I’ve long thought that the recently announced Office of Urban Policy will be one of the most exciting places to work in Barack Obama’s administration. The as-of-yet unconfirmed reports that Bronx borough president Adolfo Carrion will head the newest part of the executive branch suggests that it could also be among the greenest.
I caught up with Carrion in July, while producing a short film on green building. We met outside Melrose Commons, an affordable housing development in the Bronx that is uber-friendly to the environment, in terms of energy consumption, water use and indoor air quality. (This is important to the Bronx in particular because it has among the highest rates of juvenile asthma, as well as being the poorest congressional district in America). Melrose Commons is small--only 81 units--but residents will pay next to nothing in electric bills, and consequently there is a long waiting list to qualify for similar housing. (Meet one lucky green tenant at the 6:00 mark in the video).
Speaking to a crowd convened by McGraw Hill construction and the U.S. Green Building Council, Carrion stressed affordability as a way to promote environmentalism in communities where there’s been a history of disinvestment, and, frankly, a lack of interest or awareness about going green
Carrion spoke ably about energy efficiency and its 21st century appeal to both businesses and low-income homeowners and renters. Still, the move toward green building clashed against decidedly old-school tensions in the Bronx: The “young man” to whom he refers is a 30-something heckler who interrupted Carrion several times, pleading the case of “underpaid,” “starving” workers at the Melrose site, and accusing Carrion of “hiding,” a traitor to the cause of borough development. Watch:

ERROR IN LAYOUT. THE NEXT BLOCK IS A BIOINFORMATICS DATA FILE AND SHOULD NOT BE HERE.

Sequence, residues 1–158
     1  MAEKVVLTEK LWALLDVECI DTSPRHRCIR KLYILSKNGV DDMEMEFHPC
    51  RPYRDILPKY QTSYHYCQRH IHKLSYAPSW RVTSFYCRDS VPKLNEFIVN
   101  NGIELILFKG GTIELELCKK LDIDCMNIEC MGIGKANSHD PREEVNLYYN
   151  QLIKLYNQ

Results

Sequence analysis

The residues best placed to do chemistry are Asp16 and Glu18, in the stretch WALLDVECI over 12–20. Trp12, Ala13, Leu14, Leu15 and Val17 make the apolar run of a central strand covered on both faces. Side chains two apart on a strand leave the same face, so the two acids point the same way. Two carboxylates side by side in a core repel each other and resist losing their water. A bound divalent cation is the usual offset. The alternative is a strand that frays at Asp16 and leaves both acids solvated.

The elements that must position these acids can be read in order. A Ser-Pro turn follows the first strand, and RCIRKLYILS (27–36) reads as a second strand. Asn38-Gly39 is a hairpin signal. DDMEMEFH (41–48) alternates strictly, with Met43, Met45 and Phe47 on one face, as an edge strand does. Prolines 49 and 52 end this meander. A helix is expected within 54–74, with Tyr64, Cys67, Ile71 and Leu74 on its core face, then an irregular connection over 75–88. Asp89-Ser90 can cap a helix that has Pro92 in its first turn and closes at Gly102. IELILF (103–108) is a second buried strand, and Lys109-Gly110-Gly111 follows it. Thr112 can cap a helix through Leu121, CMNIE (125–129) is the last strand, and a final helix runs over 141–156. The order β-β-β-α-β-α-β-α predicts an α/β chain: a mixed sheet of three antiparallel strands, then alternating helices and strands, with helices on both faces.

Saucy! No shoes were thrown that day--but for years, community advocates had effectively protested the planning for Melrose Commons (started under Carrion's predecessor Fernando Ferrer) on the grounds that the (proposed) 30-block complex was a coup for out-of-borough moneymen and a threat (a la Robert Moses) to local businesses and workers. Under pressure, Carrion helped liaise between the developers and the residents of the surrounding area (which, as Dana Goldstein points out in a helpful pr